Barlow was more of a catalyst, using embraced residents as pawns to tighten his grip on the town, but his very presence on the page was accompanied with a sense of urgency and dread.
In a 1995 BBC radio drama of ‘Salems Lot (that is well worth seeking out), Barlow is played by Pinhead himself, Doug Bradley, which automatically gives the vampire tons of villain cred.
The Dark Half (1989)
“Cut him. Cut him while I stand here and watch. I want to see the blood flow. Don't make me tell you twice.”
Stephen King once wrote under the pseudonym Richard Bachman and published some of his more experimental works like The Running Man, The Long Walk, and Thinner. His experience as somewhat existing as another person inspired King to write the Dark Half, and inspired the creation of one of his most cold blooded killers, George Stark.
In the novel, Thad Beaumont was a successful author who wrote violent crime novels under the pen name of George Stark. After revealing to the world he was actually Stark, Thad and his wife stage a mock funeral for the author to symbolically cut ties with the violent crime fiction Beaumont wanted to leave behind. This is where King brings the terror.
The novel started with a flashback that dealt with the removal of an eye from the brain of a young Thad. It was the eye of a twin that was conjoined in the womb to the writer, an incident Thad had all but forgotten about. It was actually the eye of George Stark, who later rises from the mock grave the Beaumonts planted him in to go on a killing spree that leaves even the most seasoned reader with PTSD.
Stark is the embodiment of the darkness in the hearts of all men. The most frightening part of the book is that even though Beaumont is desperate to rid the world of Stark, part of him is attracted to the freedom evil gives Stark, and the realization that the evil is a part of him.
RELATED ARTICLE: Stephen King's 10 Greatest Human Villains
The Dark Tower III: The Wastelands (1991)
“Choo-Choo, thought Jake, and shuddered.”
You will never look at Thomas the Tank Engine the same way again. Blaine is a sentient train in the Dark Tower series, a machine driven insane by underuse. Blaine once housed a powerful computer mind, but the network has since broken down, making the train deranged, cruel, and suicidal.
Roland and his ka-tet need the train to travel out of the Wasteland so Roland can finish his quest for the Dark Tower. They board Blaine. They are horrified when they find Blaine has gone completely insane. The train forces them into a game of riddles. The situation gets worse, as the ka-tet realizes Blaine will kill himself by derailing at great speed with them aboard.
A crazy, sentient, thundering locomotive with a face is scary enough, but couple that with the fact that the train suffers from crippling mental health issues, and you have one of the most unique monsters in literature. There is a second voice inside Blaine, Little Blaine, who begs the ka-tet to help him, adding even another layer to the tragic nightmare that is Blaine.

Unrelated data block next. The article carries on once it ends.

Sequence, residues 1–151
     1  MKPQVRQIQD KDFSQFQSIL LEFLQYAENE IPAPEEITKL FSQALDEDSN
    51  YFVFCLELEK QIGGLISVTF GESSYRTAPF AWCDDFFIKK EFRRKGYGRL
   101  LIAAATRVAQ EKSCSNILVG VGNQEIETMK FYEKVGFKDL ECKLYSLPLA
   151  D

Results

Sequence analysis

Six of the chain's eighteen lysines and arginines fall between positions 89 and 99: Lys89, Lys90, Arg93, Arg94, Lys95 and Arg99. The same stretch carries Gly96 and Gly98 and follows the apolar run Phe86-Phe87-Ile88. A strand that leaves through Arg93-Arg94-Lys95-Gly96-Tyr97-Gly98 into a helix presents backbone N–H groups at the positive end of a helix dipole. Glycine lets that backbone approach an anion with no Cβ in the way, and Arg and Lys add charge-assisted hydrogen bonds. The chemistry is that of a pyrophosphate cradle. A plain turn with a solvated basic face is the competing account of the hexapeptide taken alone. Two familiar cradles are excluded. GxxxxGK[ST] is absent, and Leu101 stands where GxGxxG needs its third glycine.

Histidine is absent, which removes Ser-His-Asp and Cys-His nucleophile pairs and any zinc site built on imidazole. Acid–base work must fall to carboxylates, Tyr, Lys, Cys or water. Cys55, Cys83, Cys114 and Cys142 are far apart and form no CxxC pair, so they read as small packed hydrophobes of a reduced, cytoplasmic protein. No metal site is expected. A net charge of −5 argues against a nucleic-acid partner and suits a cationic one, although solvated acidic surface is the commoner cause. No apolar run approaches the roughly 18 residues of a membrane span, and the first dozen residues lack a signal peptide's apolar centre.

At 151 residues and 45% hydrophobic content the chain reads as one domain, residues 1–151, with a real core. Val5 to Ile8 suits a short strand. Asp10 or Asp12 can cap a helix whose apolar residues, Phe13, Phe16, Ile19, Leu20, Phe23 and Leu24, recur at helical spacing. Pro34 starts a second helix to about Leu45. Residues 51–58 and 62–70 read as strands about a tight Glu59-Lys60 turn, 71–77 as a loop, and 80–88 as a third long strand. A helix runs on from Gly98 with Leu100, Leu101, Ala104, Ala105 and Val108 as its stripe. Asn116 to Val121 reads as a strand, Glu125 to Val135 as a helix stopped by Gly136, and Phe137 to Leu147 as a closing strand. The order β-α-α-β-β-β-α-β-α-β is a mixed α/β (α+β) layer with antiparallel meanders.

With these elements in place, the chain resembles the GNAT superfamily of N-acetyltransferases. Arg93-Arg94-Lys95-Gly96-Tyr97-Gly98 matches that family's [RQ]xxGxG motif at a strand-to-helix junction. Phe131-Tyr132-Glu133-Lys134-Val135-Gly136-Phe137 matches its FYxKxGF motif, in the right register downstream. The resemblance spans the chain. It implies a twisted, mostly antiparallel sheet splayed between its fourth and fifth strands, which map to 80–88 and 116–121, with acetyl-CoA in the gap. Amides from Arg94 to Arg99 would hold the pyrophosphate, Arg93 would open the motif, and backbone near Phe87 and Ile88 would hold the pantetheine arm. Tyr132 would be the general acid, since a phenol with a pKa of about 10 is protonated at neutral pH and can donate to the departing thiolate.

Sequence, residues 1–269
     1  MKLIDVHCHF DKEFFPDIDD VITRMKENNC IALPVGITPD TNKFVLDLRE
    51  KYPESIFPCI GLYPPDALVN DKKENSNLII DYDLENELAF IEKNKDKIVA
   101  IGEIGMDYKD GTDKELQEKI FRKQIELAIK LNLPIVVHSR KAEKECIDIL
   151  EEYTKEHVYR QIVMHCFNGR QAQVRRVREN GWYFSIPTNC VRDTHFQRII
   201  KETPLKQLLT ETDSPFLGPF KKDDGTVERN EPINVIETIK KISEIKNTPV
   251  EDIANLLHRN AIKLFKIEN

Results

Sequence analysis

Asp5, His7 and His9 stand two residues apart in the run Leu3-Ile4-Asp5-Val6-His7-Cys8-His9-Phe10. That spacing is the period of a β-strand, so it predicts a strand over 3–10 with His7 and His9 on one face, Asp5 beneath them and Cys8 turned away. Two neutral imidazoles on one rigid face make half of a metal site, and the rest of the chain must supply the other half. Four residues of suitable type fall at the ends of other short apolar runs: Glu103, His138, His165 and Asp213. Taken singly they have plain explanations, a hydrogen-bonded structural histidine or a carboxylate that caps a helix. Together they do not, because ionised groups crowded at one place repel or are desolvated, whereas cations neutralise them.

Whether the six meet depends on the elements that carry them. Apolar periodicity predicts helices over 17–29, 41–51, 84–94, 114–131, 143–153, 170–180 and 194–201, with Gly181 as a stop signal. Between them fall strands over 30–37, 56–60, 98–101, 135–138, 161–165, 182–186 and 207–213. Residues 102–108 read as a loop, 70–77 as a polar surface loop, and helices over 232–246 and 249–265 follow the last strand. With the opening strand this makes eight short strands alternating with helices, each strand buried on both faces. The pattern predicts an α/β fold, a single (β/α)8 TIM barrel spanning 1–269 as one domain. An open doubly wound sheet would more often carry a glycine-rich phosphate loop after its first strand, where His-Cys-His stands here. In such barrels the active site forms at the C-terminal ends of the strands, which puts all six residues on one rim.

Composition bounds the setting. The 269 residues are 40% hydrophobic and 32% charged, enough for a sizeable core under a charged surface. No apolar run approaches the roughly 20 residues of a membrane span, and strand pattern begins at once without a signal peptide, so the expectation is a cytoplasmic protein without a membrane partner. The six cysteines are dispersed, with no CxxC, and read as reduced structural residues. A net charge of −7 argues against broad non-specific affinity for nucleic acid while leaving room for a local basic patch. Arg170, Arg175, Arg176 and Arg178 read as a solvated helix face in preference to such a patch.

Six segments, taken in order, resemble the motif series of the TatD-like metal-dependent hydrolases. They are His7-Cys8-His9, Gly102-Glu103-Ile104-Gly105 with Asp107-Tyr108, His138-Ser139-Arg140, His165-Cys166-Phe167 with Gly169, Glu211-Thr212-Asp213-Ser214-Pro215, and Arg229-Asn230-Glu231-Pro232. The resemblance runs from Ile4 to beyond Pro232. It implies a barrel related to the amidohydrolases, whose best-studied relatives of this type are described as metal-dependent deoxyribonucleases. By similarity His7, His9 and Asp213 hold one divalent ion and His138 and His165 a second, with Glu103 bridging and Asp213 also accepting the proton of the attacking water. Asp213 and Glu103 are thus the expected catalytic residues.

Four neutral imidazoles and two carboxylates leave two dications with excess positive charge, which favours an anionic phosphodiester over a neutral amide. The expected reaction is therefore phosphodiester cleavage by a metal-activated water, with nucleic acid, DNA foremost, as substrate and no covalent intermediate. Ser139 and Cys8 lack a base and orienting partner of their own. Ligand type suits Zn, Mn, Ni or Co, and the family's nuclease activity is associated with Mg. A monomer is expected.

So essentially, Blaine is Gollum if Gollum was a runaway train: a riddle loving, murderous, schizophrenic machine who has been ruined by pain and emptiness.
“I am the Eater of Worlds.”
The Crimson King is often mistaken for It, and it is not completely clear if they are the same monster, but the regality and level of reverence the King’s minions hold for him seem to suggest that he is different than the sewer-dwelling eater of children.
The Crimson King is the embodiment of evil in King’s shared fictional universe. He is first introduced in Insomnia, where he tries to kill a child prophesied to topple the rule of the King forever.
The King is later revealed as the monster behind the events of the novel Black House, and he is the overarching villain of the Dark Tower series, the monster responsible for trying to bring down the structure of reality.
Stephen King suggests that all his villains, supernatural or otherwise, are pawns of the Crimson King. The name itself carries some great metatextual flavor as, of course, Stephen King himself is the one truly responsible for the evil in his worlds. The half of the writer that creates and is responsible for these horrific monsters is also named King. Stephen King is the writer, father, husband, and Red Sox fan. The Crimson King is the dark overlord of the fictional universe and the monster maker.
Every twenty-seven years It rises to devour the children of Derry. It awoke when a homosexual couple was beaten by a gang of thugs in 1984 to again reign terror on the children of Derry. It was put to rest by the Losers Club, a group of misfit teens, in 1958 only to rise again, decades later. It killed the leader of the Losers’ (Bill Denbrough) little brother in one of the most hair-raising prologues in horror history.
It is another of King’s manipulator villains, as It controls the darker residents of Derry, such as bully Henry Bowers to do Its bidding. It is a cannibalistic clown that lives in the sewers, a leprous mummy, a giant spider, or a series of orange lights called the Dead Lights that drive people mad when gazed upon.
Unlike the similar creature, the Crimson King, It does not commit evil for glory or power. It devours because It hungers. The lives of innocents exist only to fill the void of It's being. And let’s face it, nothing, NOTHING is freakin’ scarier than a hungry clown in a sewer.
aka The Ageless Stranger, The Walkin' Dude, The Dark Man, The Hardcase, The Man in Black, The Tall Man, The Midnight Rambler, The Antagonist, The Grinning Man, Old Creeping Judas, He Who Walks Behind The Rows, The Covenant Man, Richard Fry, Robert Franq, Ramsey Forrest, Robert Freemont, Richard Freemantle, Russell Faraday, The Monster, The Man with No Face, Richard Fannin, Raymond Fiegler, Walter o'Dim, Marten Broadcloak, Walter Padick, Walter Hodji, and Bill Hitch
The Stand (1978)
Eyes of the Dragon (1986)
Hearts in Atlantis (1999)
The Dark Tower series
“My life for you.”
Not so much a single villain, but the archetype of all villains, Randall Flagg is King’s greatest singular creation of evil. Flagg first appeared in The Stand, the Dark Man who gathers the worst of humanity to rebuild a new civilization in his own dark image. The Walkin’ Dude had a propensity for crucifying any whose beliefs ran contrary to his.
Flagg is the greatest of King’s manipulators, able to inspire loyalty in those with dark hearts, as seen by the Trashcan Man in The Stand and even Mother Carmody in The Mist. All they have to do is say “My life for you,” and mean it, and Flagg will be there to inspire their dark deeds.
He was revealed to be the antagonists to Roland in the Dark Tower series, and is the ever present evil in all men. Flagg is walking the back roads of reality just waiting for a chance to whisper in humanity’s ear and stir up some good, old fashioned chaos.